In its short history, Central New York Playhouse, the little company in Shoppingtown Mall, has undertaken two mid-20th-century masterworks of American drama, Tennessee Williams’ A Streetcar Named Desire a year ago and now Arthur Miller’s Death of a Salesman. Guided by the surprisingly steady hand of first-time director Kasey McHale, this Salesman, running through March 22, is well thought out, runs smoothly at a crisp pace, and includes several bracing scenes with an assortment of well-cast supporting players.
Like last year’s Streetcar, with a different director and cast, this masterwork portrays its protagonist quite differently from what we’re used to seeing. Gone is the heavy-footed Willy Loman of Lee J. Cobb and Philip Seymour Hoffman. Instead this Willy is a self-deceiver from start to finish.
The key scene, as in any production of Salesman, comes late in the second act. It’s when the favored but flawed Loman son Biff (J. Allan Orton), arriving unexpectedly, encounters his father Willy (Keith Arlington) in a Boston hotel room with his usual floozie (Colleen Creeden-Baldwin). Following the script, Willy first denies that anyone is with him and then delivers cringe-wreaking alibis, that, for one, even though she’s wearing a slip she just came by from another room. Biff’s horror at this deception resonates forward and backward in the text. But Willy, as McHale and Arlington depict him, clings to his laughable lies without acknowledging the horror that has just taken place.
This, of course, is allowed. Many evergreen shows have generated new life by throwing off the suffocating grip of performers who once owned leading roles in this. The King and I becomes much more interesting by banishing the memory of Yul Brynner and casting an actual Asian actor as the monarch. For last year’s Streetcar, Jodie Baum gave us the most aggressive Blanche Dubois imaginable, the anti-Vivien Leigh. So here we have a shrill Willy given to strident denials and bluster. His emotional range has to be narrower. But such a character can still make a loud crash when he falls.
Tenderness and anguish then become the turf of supporting players, especially Kate Huddleston as wife Linda and J. Allan Orton as son Biff. One of the best-known faces town and the youngest person ever to win a Syracuse New Times Syracuse Area Live Theater (SALT) Lifetime Achievement Award, Huddleston sounds as though she’s been preparing for years to give us Linda. Except for one or two missteps, where director McHale has Linda shouting, Huddleston exudes compelling gravitas. She knows her boys and knows what’s up and what’s down with her husband, and she loves him anyway. Linda, lest we forget, has many of the best lines in Arthur Miller’s sometimes prosy dialogue, like, “Attention must be paid!” Huddleston’s final scene in the cemetery will rank with her greatest hits.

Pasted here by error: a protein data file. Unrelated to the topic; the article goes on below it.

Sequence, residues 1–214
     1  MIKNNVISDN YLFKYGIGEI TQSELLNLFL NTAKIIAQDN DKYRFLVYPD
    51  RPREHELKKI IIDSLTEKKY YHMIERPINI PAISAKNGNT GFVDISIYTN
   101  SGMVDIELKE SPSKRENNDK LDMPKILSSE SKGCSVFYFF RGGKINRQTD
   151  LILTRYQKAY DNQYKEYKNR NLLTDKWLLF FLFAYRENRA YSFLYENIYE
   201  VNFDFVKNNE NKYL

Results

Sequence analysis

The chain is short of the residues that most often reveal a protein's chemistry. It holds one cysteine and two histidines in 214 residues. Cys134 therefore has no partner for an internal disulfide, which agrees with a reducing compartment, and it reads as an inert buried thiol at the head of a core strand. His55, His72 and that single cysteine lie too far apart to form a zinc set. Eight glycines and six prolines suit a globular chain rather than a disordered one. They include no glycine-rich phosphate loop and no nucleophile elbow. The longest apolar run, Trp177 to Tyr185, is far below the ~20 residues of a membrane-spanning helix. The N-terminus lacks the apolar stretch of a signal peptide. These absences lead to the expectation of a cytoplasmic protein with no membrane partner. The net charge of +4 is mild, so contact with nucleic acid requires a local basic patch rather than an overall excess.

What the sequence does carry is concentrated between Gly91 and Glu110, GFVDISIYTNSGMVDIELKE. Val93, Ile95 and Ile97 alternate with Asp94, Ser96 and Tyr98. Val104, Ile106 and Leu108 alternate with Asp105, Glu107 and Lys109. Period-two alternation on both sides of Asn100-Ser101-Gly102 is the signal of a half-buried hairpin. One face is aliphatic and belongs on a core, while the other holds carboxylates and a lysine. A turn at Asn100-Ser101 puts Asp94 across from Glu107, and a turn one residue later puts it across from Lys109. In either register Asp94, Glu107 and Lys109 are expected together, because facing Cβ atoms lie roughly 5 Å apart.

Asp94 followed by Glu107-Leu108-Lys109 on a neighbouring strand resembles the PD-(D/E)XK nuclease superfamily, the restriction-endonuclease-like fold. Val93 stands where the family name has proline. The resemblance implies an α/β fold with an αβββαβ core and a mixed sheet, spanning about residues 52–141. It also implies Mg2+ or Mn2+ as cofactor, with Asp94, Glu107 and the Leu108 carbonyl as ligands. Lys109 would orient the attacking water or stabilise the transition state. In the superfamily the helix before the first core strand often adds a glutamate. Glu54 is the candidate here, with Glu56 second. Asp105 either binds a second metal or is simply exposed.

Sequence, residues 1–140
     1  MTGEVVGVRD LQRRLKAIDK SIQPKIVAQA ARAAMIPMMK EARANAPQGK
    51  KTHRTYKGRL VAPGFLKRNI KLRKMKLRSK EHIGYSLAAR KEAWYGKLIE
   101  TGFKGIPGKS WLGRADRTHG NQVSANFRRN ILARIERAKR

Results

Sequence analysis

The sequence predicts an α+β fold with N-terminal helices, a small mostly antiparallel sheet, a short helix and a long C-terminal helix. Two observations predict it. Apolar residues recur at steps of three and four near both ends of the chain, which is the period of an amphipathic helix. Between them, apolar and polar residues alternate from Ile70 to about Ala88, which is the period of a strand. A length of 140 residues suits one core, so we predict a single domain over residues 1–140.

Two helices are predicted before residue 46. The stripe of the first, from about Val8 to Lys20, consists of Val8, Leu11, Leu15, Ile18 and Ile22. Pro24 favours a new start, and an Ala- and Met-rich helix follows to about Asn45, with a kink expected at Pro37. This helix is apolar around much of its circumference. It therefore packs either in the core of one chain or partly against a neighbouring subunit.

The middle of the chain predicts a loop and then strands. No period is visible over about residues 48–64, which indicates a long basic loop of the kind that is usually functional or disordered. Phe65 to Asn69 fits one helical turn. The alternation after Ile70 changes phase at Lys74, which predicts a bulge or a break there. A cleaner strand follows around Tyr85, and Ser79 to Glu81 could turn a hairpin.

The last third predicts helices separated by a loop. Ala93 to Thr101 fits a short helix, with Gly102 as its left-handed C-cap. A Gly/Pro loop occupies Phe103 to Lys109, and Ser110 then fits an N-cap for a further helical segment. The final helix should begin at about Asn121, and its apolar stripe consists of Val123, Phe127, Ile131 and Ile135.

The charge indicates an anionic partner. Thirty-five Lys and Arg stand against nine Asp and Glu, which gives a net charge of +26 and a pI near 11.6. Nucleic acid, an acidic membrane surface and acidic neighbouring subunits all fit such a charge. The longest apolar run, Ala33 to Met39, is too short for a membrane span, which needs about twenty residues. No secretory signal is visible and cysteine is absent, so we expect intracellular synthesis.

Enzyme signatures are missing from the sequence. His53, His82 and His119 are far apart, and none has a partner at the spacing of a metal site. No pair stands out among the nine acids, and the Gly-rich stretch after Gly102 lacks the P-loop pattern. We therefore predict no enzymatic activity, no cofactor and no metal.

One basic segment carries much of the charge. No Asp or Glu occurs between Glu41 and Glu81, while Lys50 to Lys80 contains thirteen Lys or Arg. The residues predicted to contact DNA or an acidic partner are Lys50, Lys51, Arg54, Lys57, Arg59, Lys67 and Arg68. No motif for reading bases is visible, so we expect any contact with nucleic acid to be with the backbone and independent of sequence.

J. Allan Orton, who previously played Huddleston’s son Tom in a May 2012 production of The Glass Menagerie, must cover a wider range of emotions, as well as alter his appearance as a much younger person in flashbacks. McHale encourages him to be an angrier Biff than we’re used to, but he still convinces us of deeper emotion. Good as Orton is, his characterization gains an important assist from the contrast with Patrick Kelly as the shallower brother Happy. His mother calls him a “philandering bum,” but Happy’s real problem is that he does not grasp what Linda and Biff do. Some of this Salesman’s painful sparks flare up between the brothers after the bar scene.
Running more than three hours with 13 speaking roles, Salesman gives director McHale many opportunities to show us what her cast can do. Among the most striking is William Edward White as Uncle Ben, the cautionary figure who’s probably only a ghost in Willy’s imagination. At any time White enjoys a commanding presence that makes him impossible to overlook, but with his spectral white suit and broad-brimmed white hat (designed by costumer Barbara Toman), he just takes over the stage. The hint of a regional accent suggests an homage to Burl Ives, but there’s a touch of Sebastian Cabot in there, too. It’s the most determined scene-stealing White has ever pulled off.
Wonderful in a role that usually doesn’t get many thanks is John Krenrich as Howard, the heir that has taken over Willy’s firm. In his second-act scene he’s playing with a 1949-era voice recorder that allows him to boast about his children. His smooth, corporatist demeanor covers a heart of ice. Of the many blows falling on Willy, his is the coup de grace, not that he has any concern for the impact of his words. Executives at Enron could not have done the deed as plangently.
All the people in smaller roles acquit themselves well. Bill Lee expresses depth of understanding as the neighbor Charley, and the words in his informal eulogy, “with a smile and a shoeshine,” ring bitterly. Austin Arlington (son of Keith) takes nerdy Bernard over the decades and enlivens a tight scene with his actor father as Willy. Colleen Creeden-Baldwin’s floozie enjoys a lusty laugh. No wonder Willy could not resist her.
Ace set designer Navroz Dabu is in top form. White painted frames delineate a roof and an upstairs bedroom, backed by a hellish cityscape of the forbidding brick walls Willy rails against. Actor William Edward White also doubles as a lighting designer; his lighting can define a public space followed by a private one on the same square footage.
Death of a Salesman, usually ranked as the No. 1 American stage tragedy, is a tough place to start for first-time director Kasey McHale. But it’s a tragedy that can leave her smiling.